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Review of Tomorrow, the Killing

Updated on September 1, 2019
satomko profile image

Seth Tomko is a writer, college-level educator, and adventurer.

Cover art by Rhett Podersoo for Tomorrow, the Killing
Cover art by Rhett Podersoo for Tomorrow, the Killing | Source

Years after the suspicious death of war hero Roland Montgomery, his sister, Rhaine begins to question the nature of his demise. Veteran and former investigator, Warden, gets drawn into her quest by the elder and dying General Edwin Montgomery and his own conflicted sense of guilt about Roland and their experiences during and after the Dren War. Against his judgment, Warden goes looking for Rhaine when she disappears all while he continues trying to fend off local thugs, maintain his strained relationship with his friend and business partner, Adolphus, find a reasonable tutor for the developing arcane talent of his foster son, and prevent himself from falling deeper into drug addiction.

Low Town

Despite the fictional setting and the occasional appearance of magic, the novel is essentially a crime noir story about social injustice and corrupt human desires. The stratified society, prevalence of drugs and violence, the twisting of political movements to fit with personal ambitions, and a damaged narrator-protagonist form the core of the novel more so than many of the incidental fantasy elements. Warden has more in common with Dashiell Hammett’s Sam Spade or the Continental Op than he does with most protagonists of even contemporary low fantasy novels. Similarly, the story has echoes of Red Harvest, where one death too many ignites a campaign of justice that goes to some morally questionable places. In Tomorrow, the Killing, Warden has more personal motives for some of his actions, but he’d be at home in The Glass Key or The Maltese Falcon. A significant point of departure from most noir stories, however, is that Daniel Polansky does not include a femme fatale. There are some female characters, but they are secondary and largely lack the consistent agency one would expect. This means most of the novel’s action falls on Warden alone.


The Long, Grim Fight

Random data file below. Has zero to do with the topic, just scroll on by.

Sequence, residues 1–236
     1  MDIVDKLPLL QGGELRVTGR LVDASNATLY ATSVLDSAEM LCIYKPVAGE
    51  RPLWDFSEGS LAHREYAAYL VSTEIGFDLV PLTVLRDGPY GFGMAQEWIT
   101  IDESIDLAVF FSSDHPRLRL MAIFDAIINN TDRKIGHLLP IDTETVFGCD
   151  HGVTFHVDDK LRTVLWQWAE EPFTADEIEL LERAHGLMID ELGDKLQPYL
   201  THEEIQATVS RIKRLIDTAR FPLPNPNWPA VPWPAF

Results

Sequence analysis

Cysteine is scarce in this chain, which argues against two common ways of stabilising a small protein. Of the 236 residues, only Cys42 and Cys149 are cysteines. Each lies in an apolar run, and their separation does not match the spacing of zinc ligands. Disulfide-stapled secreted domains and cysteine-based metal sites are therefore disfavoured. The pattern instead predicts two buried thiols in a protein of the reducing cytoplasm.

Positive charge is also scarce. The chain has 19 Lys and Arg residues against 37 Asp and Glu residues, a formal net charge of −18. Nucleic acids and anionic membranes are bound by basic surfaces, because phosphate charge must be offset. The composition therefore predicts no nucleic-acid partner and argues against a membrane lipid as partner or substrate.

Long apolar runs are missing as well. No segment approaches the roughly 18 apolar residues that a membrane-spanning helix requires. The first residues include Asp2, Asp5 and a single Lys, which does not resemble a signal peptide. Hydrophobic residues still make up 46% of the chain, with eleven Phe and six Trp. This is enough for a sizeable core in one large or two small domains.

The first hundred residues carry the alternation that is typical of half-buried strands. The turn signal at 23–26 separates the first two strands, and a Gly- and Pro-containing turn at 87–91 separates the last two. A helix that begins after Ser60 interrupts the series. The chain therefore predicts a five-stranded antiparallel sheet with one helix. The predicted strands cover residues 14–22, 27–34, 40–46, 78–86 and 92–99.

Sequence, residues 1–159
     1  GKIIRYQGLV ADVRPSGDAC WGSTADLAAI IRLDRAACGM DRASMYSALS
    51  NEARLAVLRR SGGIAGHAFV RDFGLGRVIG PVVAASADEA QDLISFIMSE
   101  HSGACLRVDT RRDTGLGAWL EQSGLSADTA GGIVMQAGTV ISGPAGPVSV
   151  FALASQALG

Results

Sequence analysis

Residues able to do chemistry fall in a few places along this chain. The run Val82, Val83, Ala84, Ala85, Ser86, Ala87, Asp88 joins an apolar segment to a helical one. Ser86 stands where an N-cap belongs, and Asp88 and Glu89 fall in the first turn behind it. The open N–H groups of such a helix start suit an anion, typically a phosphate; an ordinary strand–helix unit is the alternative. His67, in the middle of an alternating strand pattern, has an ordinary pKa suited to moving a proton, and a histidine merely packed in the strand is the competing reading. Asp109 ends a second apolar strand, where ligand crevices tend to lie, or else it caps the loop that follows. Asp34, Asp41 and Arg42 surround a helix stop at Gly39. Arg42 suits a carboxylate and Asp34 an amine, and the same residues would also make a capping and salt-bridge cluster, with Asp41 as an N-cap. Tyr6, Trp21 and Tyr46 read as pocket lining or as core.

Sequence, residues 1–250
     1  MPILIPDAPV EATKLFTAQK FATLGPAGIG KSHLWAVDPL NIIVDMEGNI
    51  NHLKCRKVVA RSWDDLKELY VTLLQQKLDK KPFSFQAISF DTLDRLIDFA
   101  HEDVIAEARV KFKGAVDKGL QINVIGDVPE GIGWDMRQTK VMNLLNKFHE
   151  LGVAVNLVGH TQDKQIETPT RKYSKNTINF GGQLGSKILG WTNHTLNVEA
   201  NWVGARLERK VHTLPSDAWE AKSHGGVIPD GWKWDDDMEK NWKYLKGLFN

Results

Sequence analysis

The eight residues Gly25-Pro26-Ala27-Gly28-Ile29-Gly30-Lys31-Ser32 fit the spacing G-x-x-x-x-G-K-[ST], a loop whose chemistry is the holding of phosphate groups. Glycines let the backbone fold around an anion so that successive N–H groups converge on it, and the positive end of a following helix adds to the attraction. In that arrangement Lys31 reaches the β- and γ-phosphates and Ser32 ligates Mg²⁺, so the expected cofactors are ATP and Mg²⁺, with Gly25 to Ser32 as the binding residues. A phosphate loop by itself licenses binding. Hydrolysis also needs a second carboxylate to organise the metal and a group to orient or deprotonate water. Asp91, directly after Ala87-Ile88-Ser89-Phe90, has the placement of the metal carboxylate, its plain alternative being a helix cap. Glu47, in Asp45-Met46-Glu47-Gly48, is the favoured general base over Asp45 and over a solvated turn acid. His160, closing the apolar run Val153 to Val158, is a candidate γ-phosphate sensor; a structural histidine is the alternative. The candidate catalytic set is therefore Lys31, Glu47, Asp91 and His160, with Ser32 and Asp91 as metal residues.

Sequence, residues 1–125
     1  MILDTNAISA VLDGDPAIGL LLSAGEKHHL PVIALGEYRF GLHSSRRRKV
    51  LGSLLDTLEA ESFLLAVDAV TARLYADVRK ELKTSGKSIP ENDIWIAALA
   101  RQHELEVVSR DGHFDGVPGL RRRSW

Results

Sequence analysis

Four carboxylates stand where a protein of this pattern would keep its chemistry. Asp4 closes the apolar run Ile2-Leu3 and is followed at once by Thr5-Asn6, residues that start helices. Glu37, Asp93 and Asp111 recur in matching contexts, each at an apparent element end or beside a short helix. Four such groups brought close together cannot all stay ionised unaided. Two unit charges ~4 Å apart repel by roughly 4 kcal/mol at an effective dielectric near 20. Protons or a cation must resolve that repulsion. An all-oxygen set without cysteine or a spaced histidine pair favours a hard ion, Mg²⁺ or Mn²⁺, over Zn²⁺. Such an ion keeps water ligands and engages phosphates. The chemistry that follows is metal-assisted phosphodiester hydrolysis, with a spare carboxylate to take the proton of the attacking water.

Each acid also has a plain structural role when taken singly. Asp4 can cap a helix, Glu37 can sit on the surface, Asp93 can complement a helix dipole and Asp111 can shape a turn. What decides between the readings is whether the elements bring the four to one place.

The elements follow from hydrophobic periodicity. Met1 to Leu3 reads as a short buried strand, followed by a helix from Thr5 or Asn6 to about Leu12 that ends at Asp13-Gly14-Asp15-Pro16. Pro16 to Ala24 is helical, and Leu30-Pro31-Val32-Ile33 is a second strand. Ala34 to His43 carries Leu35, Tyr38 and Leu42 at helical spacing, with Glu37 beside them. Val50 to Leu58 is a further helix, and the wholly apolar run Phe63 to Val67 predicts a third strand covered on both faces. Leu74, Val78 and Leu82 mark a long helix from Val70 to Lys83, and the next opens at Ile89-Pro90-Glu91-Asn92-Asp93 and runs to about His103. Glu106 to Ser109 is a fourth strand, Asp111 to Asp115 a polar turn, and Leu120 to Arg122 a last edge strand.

One factor that could be off putting to some readers is how Warden is in many ways essentially an unlikeable character. He has wit and determination and does care about a few other characters, even if he has significant difficulty expressing it. He is also, however, a paranoid drug user with self-destructive tendencies that result from deep psychological scars he refuses to acknowledge. He is also twisted by guilt at having acted, or not acted, in ways that result in the demise of other characters in both the past and present action of the story. As Warden tries over and over to convince the reader and himself that he’s hardened and doesn’t feel the weight of these deeds, his nihilism and tendency to implode or lash out at those people who do care about him, betrays his sense of loss and remorse.

In an interesting development, though, Warden and the other veterans of the Dren War are humanized through Warden’s recounting of his wartime experiences. The recollection of the boredom and terror and waste of life on both sides of the conflict do work to explain some of Warden’s attitude and behavior as well as Roland Montgomery’s activities after the war and the actions of the Veterans’ Association. They also fill in the detail of explaining the setting of the novel and providing context for the characters. In a way, this background information lends a sense of fatalism, wherein the reader sees how characters doomed themselves through ambition or careless choices years before the main action of the novel. This sense of pessimism, more than the story or setting, puts the novel in the same realm of fantasy fiction as George R. R. Martin’s A Song of Ice and Fire or the First Law novels of Joe Abercrombie.

Where Only the Dead Don’t Lie

While the characters, especially the protagonist, may rub some readers the wrong way, and the resolution to the plot may not satisfy an audience looking for closure to some of the longer-term conflicts, all-in-all Tomorrow, the Killing is a tight and thrilling novel. It should be recommended for anyone interested in non-traditional fantasy books or noir crime stories. The setting is strong motivating element in picking up this book and others in Polansky's Low Town series.


Polansky, Daniel. Tomorrow, the Killing. London: Hodder, 2013.

© 2014 Seth Tomko


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    • satomko profile imageAUTHOR

      Seth Tomko 

      6 years ago from Macon, GA

      Thank you, Genna East. I was pleasantly surprised by this book and hope to read more from Polansky. I think you're right on with your Hammett comparison.

    • Genna East profile image

      Genna East 

      6 years ago from Massachusetts, USA

      If well-written, noir crime thrillers can be mesmerizing. It sounds as though Warden is similar to a somewhat nihilist Dashiell Hammett without Lillian Hellman. Excellent review.


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